BP #1: Practice Blog Post

Food with Integrity (or not)?

We all like to stay up to date with the latest trends, fads, diets and celebrity endorsed products that don’t actually work, but when it comes to integrity, people often have a hard time sticking with it.

In the article Eschewing a Vegan Lifestyle at Home, but Still Embracing It at Work by Jennifer Medina, Terces and Matthew Engelhart, owners of a well-known Los Angeles vegan restaurant Cafe Gratitude, faced scrutiny from customers when they made a personal lifestyle change. After the owners claimed they would raise and slaughter their own cows for meat, their integrity was questioned and the image of their restaurant took a huge hit. With this comes many questions, is it that big of a deal? Should the public care so much? Should they have a say in the lifestyle choices they make? All of these questions lead back to the owners morals and values.

We may not think about morals or values when we walk into a restaurant, but we can sure tell when they are not in alignment. We want the atmosphere, language, images, staff, service and menu items to be consistent with the restaurants morals, values and overall mission. You would be very confused if you walked into a restaurant with an Italian theme and found out that they only served Mexican food. Therefore, you want the management team of a restaurant to live by the morals and values they try to portray in the establishment. Although their personal lives may not be any of our business, there choices do play a role in our perception of that dining establishment.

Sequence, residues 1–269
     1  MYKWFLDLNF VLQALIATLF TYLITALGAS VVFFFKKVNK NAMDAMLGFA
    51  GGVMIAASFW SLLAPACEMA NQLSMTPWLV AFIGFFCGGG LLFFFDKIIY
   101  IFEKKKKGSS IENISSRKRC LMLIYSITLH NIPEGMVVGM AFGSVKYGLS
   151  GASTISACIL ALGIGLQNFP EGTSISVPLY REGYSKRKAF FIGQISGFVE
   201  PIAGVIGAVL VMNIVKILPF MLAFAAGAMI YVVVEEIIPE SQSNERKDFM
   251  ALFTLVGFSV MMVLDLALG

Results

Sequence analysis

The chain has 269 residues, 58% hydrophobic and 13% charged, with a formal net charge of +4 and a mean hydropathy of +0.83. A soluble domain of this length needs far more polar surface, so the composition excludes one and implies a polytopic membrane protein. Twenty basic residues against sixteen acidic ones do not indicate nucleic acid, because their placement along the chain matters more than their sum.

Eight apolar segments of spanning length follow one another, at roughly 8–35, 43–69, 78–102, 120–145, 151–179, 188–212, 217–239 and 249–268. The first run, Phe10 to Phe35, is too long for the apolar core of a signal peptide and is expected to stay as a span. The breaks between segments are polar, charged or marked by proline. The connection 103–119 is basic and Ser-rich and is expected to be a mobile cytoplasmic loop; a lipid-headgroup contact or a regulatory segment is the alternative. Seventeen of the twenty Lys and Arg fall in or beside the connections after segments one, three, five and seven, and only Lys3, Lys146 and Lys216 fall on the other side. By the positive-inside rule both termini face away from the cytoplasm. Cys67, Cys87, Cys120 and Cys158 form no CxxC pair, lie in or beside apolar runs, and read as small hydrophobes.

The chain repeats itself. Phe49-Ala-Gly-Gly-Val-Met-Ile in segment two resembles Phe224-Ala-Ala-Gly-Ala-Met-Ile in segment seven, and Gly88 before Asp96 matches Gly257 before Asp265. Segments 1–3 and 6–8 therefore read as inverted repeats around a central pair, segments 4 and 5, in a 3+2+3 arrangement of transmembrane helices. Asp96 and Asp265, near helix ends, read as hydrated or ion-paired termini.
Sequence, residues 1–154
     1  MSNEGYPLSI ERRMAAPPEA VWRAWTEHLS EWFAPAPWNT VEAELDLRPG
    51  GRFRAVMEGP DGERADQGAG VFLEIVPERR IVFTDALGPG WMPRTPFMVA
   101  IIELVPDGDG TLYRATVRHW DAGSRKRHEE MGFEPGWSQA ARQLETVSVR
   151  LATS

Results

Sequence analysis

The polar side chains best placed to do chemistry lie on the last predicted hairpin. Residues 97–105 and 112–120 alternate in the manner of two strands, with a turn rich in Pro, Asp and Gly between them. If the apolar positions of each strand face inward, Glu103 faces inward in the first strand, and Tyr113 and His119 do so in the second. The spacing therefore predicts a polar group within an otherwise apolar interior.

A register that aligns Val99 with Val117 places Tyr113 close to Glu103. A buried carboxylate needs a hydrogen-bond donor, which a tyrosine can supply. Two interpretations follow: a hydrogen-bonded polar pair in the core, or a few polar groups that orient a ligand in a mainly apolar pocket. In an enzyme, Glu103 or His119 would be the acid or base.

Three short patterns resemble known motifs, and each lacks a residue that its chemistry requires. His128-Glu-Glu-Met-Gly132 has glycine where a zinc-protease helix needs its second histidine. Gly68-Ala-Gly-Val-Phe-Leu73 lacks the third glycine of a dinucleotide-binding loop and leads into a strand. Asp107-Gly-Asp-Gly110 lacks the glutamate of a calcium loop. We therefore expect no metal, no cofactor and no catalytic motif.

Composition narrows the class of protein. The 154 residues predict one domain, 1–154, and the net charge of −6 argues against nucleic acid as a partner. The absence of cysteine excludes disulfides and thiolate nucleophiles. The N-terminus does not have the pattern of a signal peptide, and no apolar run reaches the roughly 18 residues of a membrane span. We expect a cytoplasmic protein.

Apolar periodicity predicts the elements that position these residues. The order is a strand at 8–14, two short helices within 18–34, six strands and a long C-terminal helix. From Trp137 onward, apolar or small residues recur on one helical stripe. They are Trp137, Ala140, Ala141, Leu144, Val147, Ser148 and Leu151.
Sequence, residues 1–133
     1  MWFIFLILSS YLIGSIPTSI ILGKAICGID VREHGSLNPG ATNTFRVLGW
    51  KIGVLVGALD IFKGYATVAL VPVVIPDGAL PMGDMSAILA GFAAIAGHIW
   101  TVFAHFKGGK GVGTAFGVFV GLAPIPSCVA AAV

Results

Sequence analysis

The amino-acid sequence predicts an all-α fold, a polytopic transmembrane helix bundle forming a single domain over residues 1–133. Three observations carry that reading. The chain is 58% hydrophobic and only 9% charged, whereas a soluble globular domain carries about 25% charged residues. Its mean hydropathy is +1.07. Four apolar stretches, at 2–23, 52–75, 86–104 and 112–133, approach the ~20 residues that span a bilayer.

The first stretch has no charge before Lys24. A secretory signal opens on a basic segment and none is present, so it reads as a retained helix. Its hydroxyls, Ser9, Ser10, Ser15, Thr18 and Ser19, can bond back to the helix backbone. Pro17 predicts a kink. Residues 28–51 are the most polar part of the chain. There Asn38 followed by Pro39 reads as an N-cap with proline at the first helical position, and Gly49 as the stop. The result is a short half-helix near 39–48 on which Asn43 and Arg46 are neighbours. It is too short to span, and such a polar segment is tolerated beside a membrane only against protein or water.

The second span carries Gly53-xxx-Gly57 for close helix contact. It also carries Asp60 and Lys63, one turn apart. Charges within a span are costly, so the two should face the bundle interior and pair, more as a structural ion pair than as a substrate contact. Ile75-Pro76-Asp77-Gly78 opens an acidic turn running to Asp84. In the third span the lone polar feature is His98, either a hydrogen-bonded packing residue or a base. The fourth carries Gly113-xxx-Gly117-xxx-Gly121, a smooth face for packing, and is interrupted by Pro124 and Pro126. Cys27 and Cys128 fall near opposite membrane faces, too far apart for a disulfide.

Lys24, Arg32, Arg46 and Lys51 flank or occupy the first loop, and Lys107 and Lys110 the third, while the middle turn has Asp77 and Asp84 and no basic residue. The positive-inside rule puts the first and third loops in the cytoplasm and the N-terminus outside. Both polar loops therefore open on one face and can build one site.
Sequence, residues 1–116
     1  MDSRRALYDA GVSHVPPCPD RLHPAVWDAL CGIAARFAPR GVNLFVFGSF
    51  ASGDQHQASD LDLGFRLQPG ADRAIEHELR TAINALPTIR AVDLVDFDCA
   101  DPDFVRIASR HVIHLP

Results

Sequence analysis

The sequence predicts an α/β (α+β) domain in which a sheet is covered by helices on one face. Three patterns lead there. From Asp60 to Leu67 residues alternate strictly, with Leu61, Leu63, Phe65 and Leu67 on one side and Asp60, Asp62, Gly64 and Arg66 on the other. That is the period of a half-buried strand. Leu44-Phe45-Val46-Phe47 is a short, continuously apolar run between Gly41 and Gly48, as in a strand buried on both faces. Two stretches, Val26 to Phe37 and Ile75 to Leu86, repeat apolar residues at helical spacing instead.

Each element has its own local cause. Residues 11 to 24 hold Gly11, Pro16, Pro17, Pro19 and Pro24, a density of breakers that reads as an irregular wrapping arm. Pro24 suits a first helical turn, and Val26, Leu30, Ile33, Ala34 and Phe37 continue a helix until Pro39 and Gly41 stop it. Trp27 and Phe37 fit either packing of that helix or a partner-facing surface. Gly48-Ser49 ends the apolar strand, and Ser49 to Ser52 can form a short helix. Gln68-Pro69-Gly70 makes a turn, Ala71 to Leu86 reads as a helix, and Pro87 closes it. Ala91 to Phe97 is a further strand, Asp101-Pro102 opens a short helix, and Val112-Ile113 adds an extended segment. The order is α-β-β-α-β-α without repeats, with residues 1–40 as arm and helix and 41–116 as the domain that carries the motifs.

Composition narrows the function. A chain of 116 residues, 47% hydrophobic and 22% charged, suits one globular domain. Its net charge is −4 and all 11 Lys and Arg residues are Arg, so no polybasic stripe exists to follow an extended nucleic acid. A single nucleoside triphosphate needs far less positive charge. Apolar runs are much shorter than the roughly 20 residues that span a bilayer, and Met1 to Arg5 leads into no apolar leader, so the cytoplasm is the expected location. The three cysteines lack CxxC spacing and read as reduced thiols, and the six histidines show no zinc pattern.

When the Engleharts interviewed with The Hollywood Reporter, they were shocked that their personal eating habits had such an impact of the perception and behavior of their customers.

“It saddens me that the choices we made in the privacy of our home would lead people to feel so betrayed that it’s elevated to threats on our lives,” Mr. Englehart said. “I’m very discouraged.”

However, the Cafe still tries to portray happiness and peacefulness in its atmosphere and decor. The Engleharts have not let this situation change their personal eating habits at home but they do stand by their promise to only serve animal-free products. Will the restaurants and owners’ integrity ever be the same? Only time will tell.



One thought on “BP #1: Practice Blog Post

  1. What they do at home is really of no concern to a customer. I think the major shock here is that people tend to align an owner with what they own. Image how shocked someone would be if the Verizon owner used sprint service, or if the head of Microsoft preferred a PlayStation to an Xbox. It doesn’t really matter, but people have a hard time separating business and pleasure. I personally believe that the owners have maintained their integrity. They did not stop their diet simply because the public was mad at them.

    Can the Vegan public trust that their food has no animal products? That is very dependent on the person.


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